“In the past few years, we have witnessed and overcome a good number of challenges that would ordinarily have destroyed our nation. However, the indefatigable spirit of the Nigerian people has ensured that we overcome our challenges. It is in this spirit that I call on all of us to individually and collectively bring to the fore in dealing with all our development issues. I was called to serve, along with my team, I saw an opportunity to create a better Nigeria which we have done with the support of Nigerians. Almighty God and the good people of Nigeria supported us in laying a solid foundation for the Nigeria of our dreams.”

As a spin doctor, who is interested in projecting favourable interpretations of the activities of the government and the party in power, especially in the media, by this boldness, to blow the trumpet of his achievements, PMB had simply given me the best of the gifts that any President can give his people at a trying time like now.

Yes, although this is his last independence anniversary speech as an elected President, the speech would help in correcting some of the distortions, and the negative perceptions about his performance.

Hip Hip Hip! Hurrah Nigeria at 62. And Hurrah PMB, for changing your stance, on the issue of the blowing of the trumpet.

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APC : The Time To Tame The Fanning Out Of Fake News



Senator Abdullahi Adamu,APC National Chairman


By Bala Ibrahim.

For the best part of last night, and the early part of this morning, my phones were ringing non stop, and virtually all the calls were coming with questions for clarification. As one heading the bureaucratic arm in charge of media management of the party in power, where important decisions taken by the elected representatives of the party are passed to you to process, for onwards transmission to the public, as directed, such calls can come under the classification of the normal call of duty. But not when they emanate out of the intent to install in the media, an insolent and impudent information, by the friends of fake news. Yes, the friends of fake news.

I did my best addressing the media last night, mostly my colleagues in the Hausa service of the electronic media, but by the morning time, the queries have skyrocketed to something like a quiz of scepticism. Everyone is asking, some with doubts, about a letter sighted by the media, to the effect that the National Working Committee, NWC, of the ruling All Progressive Congress, APC, under the leadership of Sen. Abdullahi Adamu, as the chairman, had written, in an unpleasant language, to the Presidential candidate of the party, Asiwaju Bola Ahmed Tinubu. As expected, in the eagerness to be the first to break news, some of my colleagues were quick to release the story, some, with nasty captions.

One of the moderate caption reads thus, APC Campaign Council List: Adamu Accuses Tinubu Of Side-lining NWC. It went on to say, “The chairman of the All Progressives Congress, APC, Abdullahi Adamu has accused the party’s presidential candidate Bola Tinubu of appointing members of the Presidential Campaign Council without the approval of APC National Working Committee. Tinubu had on Friday unveiled a 422-man committee comprising political heavyweights and other notable members of the party to pilot the various sub-committees of the campaign council. However, days after releasing the list, Tinubu’s campaign council postponed its inauguration to accommodate other interests and stakeholders within the party”.

Some media houses went as far as releasing the purported nasty letter, which by implication means, the party has arrived at the junction of the rumoured rift, and the anticipated rupture.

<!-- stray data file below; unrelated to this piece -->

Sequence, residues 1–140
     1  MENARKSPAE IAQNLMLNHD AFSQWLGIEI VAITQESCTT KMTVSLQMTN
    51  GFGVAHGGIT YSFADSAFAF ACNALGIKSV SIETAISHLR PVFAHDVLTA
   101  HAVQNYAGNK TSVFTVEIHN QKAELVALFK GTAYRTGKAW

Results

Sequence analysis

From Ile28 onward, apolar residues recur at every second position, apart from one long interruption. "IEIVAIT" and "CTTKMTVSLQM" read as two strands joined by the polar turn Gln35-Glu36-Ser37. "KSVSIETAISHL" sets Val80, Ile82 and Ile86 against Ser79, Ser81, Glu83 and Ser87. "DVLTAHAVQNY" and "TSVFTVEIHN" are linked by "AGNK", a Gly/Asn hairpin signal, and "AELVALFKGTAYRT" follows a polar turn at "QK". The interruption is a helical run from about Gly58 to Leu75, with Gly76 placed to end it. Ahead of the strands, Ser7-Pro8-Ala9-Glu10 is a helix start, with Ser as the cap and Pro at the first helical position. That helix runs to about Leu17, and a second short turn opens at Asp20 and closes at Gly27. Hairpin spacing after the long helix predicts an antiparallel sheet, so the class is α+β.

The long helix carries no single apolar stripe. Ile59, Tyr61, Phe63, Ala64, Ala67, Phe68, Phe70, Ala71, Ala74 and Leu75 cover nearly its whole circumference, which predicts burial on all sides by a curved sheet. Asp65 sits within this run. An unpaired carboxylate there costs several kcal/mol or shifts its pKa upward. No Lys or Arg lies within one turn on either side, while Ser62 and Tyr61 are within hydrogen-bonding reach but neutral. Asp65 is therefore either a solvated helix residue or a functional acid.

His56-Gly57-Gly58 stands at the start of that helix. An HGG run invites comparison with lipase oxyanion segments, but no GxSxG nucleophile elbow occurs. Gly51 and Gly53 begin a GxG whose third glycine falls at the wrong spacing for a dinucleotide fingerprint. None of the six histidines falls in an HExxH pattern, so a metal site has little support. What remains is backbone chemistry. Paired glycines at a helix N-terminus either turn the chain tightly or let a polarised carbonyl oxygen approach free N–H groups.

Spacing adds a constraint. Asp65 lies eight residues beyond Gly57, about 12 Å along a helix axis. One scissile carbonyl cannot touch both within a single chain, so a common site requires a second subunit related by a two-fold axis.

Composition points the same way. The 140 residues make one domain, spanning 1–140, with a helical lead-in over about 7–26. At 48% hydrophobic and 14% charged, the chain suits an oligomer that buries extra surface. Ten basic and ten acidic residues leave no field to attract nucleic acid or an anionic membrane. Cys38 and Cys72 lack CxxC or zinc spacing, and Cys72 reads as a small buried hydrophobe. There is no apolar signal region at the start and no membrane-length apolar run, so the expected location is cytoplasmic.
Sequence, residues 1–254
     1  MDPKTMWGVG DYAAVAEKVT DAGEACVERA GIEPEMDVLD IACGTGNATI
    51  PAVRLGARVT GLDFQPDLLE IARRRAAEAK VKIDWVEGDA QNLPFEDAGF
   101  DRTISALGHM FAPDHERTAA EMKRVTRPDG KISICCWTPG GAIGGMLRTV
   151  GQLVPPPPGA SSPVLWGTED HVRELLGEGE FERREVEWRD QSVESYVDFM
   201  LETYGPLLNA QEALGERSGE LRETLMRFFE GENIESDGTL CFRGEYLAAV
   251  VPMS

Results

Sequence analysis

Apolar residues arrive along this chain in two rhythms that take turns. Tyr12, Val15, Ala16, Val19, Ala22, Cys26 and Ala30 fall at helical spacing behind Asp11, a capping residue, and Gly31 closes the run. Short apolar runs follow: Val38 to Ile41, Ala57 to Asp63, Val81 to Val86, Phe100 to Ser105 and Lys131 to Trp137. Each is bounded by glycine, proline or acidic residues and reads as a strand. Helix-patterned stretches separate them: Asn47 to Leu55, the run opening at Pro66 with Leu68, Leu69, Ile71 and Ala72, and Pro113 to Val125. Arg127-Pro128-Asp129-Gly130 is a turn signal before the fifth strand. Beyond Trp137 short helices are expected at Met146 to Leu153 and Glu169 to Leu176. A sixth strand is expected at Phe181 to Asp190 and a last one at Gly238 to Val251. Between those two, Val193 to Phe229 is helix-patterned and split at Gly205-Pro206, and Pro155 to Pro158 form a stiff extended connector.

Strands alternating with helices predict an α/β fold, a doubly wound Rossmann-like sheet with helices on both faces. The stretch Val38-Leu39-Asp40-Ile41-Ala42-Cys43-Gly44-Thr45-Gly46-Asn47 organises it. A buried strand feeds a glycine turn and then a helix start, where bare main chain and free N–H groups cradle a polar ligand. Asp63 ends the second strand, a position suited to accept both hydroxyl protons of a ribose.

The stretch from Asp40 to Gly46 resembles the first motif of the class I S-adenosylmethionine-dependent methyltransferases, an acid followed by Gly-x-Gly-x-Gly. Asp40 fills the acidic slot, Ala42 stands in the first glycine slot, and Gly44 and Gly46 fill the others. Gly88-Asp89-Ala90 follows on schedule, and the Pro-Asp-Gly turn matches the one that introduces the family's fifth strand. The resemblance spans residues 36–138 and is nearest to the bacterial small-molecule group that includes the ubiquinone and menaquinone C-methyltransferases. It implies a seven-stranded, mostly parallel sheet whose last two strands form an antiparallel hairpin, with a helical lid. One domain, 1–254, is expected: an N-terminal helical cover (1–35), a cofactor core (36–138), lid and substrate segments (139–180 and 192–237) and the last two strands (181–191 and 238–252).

A paragraph from the said wordings of the chairman reads, “It is against this background that the NWC received with astonishment and regret, the press release by the PCC on 23rd September, 2022, in which a purported list of appointees was announced, which effectively served as the approved roster of participants in the Party’s Presidential Campaign Council. The purported list not only came as a complete surprise to the NWC and the Party’s leadership, but also contravened the principles and purposes of the arrangements that you and I had led towards the adoption of the Organogram of the PCC, and its principal officials”- Sen. Abdullahi Adamu.

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My first quarrel is not with the content of the letter, but it’s qualification for authenticity, which ought to lie on the genuineness of the signature on it. And that gave way to my second, and most painful quarrel, because the letter in circulation, has not even been signed by anyone. It is a draft.

The last time I checked the dictionary, on the meaning of draft, it said, a preliminary version of a piece of writing. And my English teacher used to say, preliminary is the beginning, not the tentative, or fixed. It can change. Which means, even if there was the intention to fight, if there is a change of mind, the intention to fight can not be published as a fight.

No sooner than these agents of fake news had finished their work, than a release came from the Party, duly signed by the National Publicity Secretary, Bar. Felix Morka, viz:


“Our attention has been drawn to a “DRAFT” letter in circulation purportedly written by His Excellency, Senator Abdullahi Adamu, the National Chairman of our great Party, addressed to His Excellency, Asiwaju Bola Ahmed Tinubu, the Presidential Candidate of our great Party, expressing dissatisfaction over the recently released list of the Presidential Campaign Council (PCC). To be clear, the “DRAFT” letter did not emanate from the Party. An UNSIGNED letter that marks itself as a ‘DRAFT’ cannot and should not be attributed to its purported author. The National Chairman of our Party and our Presidential Candidate maintain cordial and effective communication channels, and enjoy full liberty of open and frank conversations on matters of interest to the Party and our Presidential Campaign. As such, an unsigned “DRAFT” letter of the kind in circulation is patently unnecessary and of no qualitative value to engagement between the Party and the PCC. We will not be distracted by the wishes and actions of detractors that wait gleefully but in vain for some kind of crisis to erupt between the Party and the PCC. We stand united, as a Party, in our resolve and commitment to execute a focused and issue-driven campaign to persuade Nigerians to renew our mandate in next year’s general election”.